Official’s hardest words: ‘Your house is gone’

SILVERADO, Calif. — Like many fire captains, Bill Lockhart spent the first days of the Santiago fire sweaty, exhausted and teary-eyed from smoke and lack of sleep.

But after 56 hours on the fire line, he switched to a new assignment — one that taxed him emotionally. It was now his job to tell families their homes were destroyed.

“We don’t just say, ‘Your house burned down. You’re on your own.’ We take them there,” he said.

Lockhart was one of two Orange County fire captains working a little-known duty. As an “occupant liaison,” he helped track down more than a dozen families, starting with county tax records, then talking with neighbors who had not evacuated to locate them. He made the dreaded calls, then took homeowners to survey the damage, accompanied by a chaplain and a counselor.

The Santiago fire has destroyed 16 homes in Orange County’s canyons. Although the burned areas were still under an evacuation order, the fire department made exceptions for those who lost homes, shuttling them through the moonscape terrain and giving them time to reflect on the damage and search for belongings.

“Unfortunately, there’s rarely a lot left,” said Capt. Dave Steffen, one of the liaisons. “It was incredible how consuming this fire was.”

Visitors used the time to come to terms with the destruction. Some sought a technical explanation of how their homes burned.

“It’s just closure,” said Gabriel Ruiz, 32, surveying the remnants of his parents’ home on Modjeska Grade Road, now a blackened maze of wood and metal. “You have to see it to believe it.”

His wife, Georgiana, 30, said her only wish was that her 2-year-old daughter and 6-year-old son would never see the destruction.

“This was Grandma’s house. This was the comfort zone,” she said.

A yellow fire hose, burned into short sections, lay in the driveway, a sign of firefighters’ hasty retreat.

Fire Chaplain Robert Benoun stood aside as Gabriel picked up a framed photo of his son that had withstood the fire.

“You have to take it in to let it go,” Benoun said.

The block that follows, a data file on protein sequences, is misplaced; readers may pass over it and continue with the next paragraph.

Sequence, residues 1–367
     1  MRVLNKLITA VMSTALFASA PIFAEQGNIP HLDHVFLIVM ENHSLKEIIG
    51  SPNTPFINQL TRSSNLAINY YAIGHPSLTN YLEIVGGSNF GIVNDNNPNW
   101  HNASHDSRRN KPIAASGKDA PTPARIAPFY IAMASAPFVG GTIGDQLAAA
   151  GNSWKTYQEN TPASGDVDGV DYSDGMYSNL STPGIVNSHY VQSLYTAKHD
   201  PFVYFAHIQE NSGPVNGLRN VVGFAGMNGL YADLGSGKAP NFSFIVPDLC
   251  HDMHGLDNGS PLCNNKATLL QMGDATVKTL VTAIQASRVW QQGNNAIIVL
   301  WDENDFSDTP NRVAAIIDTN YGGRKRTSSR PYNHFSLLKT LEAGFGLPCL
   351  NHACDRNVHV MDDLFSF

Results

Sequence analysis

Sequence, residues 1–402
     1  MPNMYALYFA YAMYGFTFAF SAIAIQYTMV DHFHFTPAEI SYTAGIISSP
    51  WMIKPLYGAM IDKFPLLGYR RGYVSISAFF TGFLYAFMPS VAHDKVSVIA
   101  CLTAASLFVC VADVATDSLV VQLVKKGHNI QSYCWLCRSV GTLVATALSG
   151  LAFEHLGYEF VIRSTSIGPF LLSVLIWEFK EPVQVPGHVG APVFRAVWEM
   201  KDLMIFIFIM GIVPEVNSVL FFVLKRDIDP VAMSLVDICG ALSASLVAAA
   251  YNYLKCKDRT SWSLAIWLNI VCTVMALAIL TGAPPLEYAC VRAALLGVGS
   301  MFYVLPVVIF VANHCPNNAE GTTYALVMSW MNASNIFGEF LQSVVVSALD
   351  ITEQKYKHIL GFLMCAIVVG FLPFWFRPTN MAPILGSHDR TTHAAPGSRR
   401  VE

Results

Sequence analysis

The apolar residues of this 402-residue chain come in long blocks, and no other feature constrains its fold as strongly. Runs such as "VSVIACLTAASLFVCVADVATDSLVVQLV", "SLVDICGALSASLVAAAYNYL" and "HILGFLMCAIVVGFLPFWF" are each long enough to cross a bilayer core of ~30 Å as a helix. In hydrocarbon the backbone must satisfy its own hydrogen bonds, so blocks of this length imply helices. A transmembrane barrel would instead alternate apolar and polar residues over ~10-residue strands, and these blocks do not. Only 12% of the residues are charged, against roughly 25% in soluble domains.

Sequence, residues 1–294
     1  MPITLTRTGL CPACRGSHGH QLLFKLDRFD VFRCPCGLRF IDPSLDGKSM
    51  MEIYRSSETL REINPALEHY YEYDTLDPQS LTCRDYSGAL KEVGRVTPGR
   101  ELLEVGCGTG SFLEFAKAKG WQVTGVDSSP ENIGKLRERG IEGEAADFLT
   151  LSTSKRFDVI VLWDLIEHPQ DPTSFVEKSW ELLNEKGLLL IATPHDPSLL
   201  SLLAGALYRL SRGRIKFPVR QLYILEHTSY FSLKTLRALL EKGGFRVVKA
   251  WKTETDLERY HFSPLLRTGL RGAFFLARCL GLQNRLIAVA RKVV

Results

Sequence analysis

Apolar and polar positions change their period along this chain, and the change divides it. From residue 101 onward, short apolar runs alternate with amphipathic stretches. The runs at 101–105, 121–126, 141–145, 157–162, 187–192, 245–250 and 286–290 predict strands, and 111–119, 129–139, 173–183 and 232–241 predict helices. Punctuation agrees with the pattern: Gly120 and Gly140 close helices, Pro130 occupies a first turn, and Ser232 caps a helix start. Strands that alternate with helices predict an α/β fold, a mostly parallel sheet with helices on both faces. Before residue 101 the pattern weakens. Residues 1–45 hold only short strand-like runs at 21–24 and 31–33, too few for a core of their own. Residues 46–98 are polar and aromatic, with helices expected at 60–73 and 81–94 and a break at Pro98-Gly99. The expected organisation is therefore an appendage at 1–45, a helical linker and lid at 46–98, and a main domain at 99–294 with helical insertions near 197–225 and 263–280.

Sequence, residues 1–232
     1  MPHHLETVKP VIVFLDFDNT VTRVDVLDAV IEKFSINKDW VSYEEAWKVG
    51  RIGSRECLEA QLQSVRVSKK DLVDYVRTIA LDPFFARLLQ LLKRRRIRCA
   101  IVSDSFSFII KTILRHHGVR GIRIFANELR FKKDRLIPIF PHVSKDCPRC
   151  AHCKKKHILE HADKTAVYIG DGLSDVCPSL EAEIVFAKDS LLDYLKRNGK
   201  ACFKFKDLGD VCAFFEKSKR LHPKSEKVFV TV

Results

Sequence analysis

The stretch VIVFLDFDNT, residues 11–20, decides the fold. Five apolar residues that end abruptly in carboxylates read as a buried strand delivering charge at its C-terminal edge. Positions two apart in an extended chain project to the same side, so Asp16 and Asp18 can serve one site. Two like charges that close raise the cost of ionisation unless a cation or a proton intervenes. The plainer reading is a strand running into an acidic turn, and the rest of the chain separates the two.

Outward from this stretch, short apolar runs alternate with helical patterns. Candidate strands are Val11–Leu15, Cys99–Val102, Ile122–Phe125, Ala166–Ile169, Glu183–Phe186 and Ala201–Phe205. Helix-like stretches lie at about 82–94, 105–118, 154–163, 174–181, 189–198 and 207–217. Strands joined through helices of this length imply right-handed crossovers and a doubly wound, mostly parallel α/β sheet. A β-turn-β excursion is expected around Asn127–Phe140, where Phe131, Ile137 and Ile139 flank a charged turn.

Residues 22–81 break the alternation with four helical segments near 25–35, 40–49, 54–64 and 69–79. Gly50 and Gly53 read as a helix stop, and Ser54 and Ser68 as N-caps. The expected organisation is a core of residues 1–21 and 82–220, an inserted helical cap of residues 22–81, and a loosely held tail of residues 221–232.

The fire captains on liaison duty also filled the role of counselor. They listened to people upset with firefighters for not saving their homes and those who were puzzled by the apparent randomness of the destruction.

“Even though we didn’t lose that many homes in this fire, we lost the most important home, and that’s your home,” Lockhart told Abraham Nasiri, who asked why his Williams Canyon home burned while his next-door neighbor’s did not.

Talk to us

> Give us your news tips.

> Send us a letter to the editor.

> More Herald contact information.

More in Local News

A big decision for Boeing’s next CEO: Is it time for a new plane?

As Boeing faces increased competition from Airbus, the company is expected to appoint a new CEO by the end of the year.

A Mukilteo Speedway sign hangs at an intersection along the road in Mukilteo. (Ryan Berry / The Herald)
Mukilteo Speedway name change is off to a bumpy start

The city’s initial crack at renaming the main drag got over 1,500 responses. Most want to keep the name.

Two workers walk past a train following a press event at the Lynnwood City Center Link Station on Friday, June 7, 2024, in Lynnwood, Washington. (Ryan Berry / The Herald)
Trains up and running on Lynnwood Link — but no passengers quite yet

Officials held an event at the Lynnwood station announcing the start of “pre-revenue” service. Passengers still have to wait till August.